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Disseminating disease prevention messages through primetime TV: Evaluation of chronic disease and urban health messages in a network TV storyline

Thomas W. Valente, PhD1, Vicki Beck, MS2, Jennie Greene, MS2, Grace Huang, MPH2, and Joe Sachs, MD2. (1) Keck School of Medicine, Department of Preventive Medicine, University of Southern California, 1000 South Fremont, Unit 8, Room 5133, Alhambra, CA 91803, 626-457-6678, tvalente@usc.edu, (2) Hollywood, Health & Society Program, USC Annenberg Norman Lear Center, 8383 Wilshire Blvd. Suite 650, Beverly Hills, CA 90211

Entertainment TV shows can be a powerful means of disseminating information about the prevention, screening and treatment of chronic diseases including asthma, cancer, diabetes and heart disease (Sharf & Freimuth, 1993; Wiard, 2001). Such conditions are particularly prevalent in urban communities where environmental factors such as air pollution and poverty are widespread. When television shows have large viewerships, exposure to messages can be substantial, with secondary exposure reinforced by discussion among viewers and non-viewers (Singhal & Rogers, 2002). In the mid-1980s, the Harvard School of Public Health launched an effort to introduce the concept of the designated driver into prime time entertainment programming (Winsten & DeJong, 1990). Reinforced by a national campaign by Mothers Against Drunk Driving, these efforts contributed to an increased use of designated drivers, and by 1993, 64% of adults reported assigning a designated driver at events where alcohol was consumed (Gallup, 1994).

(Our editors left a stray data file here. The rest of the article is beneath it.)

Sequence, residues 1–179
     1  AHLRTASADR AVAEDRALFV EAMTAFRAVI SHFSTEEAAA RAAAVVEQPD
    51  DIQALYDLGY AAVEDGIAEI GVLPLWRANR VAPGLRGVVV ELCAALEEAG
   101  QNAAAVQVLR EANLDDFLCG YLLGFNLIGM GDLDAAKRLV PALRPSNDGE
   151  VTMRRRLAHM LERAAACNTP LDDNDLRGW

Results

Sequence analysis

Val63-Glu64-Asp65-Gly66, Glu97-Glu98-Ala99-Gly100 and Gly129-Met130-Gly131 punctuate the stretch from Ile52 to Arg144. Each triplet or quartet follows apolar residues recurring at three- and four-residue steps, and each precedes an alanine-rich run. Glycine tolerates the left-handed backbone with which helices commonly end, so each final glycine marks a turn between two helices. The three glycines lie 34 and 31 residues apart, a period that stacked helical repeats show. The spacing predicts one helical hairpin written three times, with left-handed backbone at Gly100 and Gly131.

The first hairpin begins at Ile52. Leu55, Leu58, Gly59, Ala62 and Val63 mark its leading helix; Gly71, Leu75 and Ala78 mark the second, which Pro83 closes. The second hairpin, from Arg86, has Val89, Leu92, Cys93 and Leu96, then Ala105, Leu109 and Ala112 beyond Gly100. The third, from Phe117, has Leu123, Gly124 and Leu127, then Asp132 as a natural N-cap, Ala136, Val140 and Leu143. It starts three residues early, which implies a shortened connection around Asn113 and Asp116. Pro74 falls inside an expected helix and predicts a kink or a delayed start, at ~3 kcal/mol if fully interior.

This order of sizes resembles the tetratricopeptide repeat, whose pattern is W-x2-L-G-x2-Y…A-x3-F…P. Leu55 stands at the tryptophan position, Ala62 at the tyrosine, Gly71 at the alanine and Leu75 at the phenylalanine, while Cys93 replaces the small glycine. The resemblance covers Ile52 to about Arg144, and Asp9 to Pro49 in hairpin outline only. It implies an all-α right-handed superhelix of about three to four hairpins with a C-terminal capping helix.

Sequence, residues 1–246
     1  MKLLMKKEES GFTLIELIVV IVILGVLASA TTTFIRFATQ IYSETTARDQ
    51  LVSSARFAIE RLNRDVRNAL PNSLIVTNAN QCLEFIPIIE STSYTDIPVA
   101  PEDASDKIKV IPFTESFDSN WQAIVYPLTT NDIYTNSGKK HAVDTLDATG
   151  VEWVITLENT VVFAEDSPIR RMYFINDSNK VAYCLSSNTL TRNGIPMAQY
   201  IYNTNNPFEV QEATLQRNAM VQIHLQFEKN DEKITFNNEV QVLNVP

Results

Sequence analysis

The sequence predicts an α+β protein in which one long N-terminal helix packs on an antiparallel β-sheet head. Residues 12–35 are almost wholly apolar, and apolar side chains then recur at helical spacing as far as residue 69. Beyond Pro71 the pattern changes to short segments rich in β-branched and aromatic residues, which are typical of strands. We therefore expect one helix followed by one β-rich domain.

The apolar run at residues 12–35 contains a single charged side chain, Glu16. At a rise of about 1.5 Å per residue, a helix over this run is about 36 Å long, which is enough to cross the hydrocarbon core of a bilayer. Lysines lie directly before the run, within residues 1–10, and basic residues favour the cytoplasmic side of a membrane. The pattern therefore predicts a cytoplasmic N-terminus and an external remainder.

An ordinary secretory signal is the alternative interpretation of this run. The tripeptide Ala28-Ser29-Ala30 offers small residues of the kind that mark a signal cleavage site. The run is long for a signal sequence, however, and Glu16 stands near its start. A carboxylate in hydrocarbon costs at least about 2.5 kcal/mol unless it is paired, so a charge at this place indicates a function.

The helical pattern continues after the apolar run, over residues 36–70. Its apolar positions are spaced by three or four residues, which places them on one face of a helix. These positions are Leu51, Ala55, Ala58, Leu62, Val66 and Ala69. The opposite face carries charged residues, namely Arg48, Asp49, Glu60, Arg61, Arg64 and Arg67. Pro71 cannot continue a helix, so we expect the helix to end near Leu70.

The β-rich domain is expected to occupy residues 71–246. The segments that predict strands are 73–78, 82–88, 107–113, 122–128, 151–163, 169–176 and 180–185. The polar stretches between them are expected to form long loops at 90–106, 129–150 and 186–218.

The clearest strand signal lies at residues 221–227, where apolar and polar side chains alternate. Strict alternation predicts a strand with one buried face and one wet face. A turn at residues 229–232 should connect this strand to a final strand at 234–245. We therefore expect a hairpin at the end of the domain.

This presentation will describe the development of a major TV storyline on chronic disease in an urban setting and report on findings from a national survey revealing the impact of prevention messages on diverse audiences. We will show clips from the show and discuss the role of public health experts consulting with writers as part of Hollywood, Health & Society, a CDC- and NCI-funded program at the USC Annenberg Schools Norman Lear Center that supports public health campaigns. We will summarize preliminary data from the survey including audience characteristics, exposure to messages, and the impact of messages on viewers’ knowledge, attitudes, beliefs and behaviors.

Learning Objectives:

Keywords: Prevention, Health Communications

Presenting author's disclosure statement:
I do not have any significant financial interest/arrangement or affiliation with any organization/institution whose products or services are being discussed in this session.

What's in/on the Air: A Multi-method Evaluation of TV's Effect on Environmental Health

The 132nd Annual Meeting (November 6-10, 2004) of APHA